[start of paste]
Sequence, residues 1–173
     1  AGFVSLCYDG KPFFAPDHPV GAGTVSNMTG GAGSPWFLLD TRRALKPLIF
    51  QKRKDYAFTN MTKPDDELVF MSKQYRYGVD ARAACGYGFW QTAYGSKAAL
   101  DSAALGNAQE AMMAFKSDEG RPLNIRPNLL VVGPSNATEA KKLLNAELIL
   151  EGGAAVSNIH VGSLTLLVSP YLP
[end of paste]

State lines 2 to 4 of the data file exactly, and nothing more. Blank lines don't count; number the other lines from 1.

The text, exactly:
     1  AGFVSLCYDG KPFFAPDHPV GAGTVSNMTG GAGSPWFLLD TRRALKPLIF
    51  QKRKDYAFTN MTKPDDELVF MSKQYRYGVD ARAACGYGFW QTAYGSKAAL
   101  DSAALGNAQE AMMAFKSDEG RPLNIRPNLL VVGPSNATEA KKLLNAELIL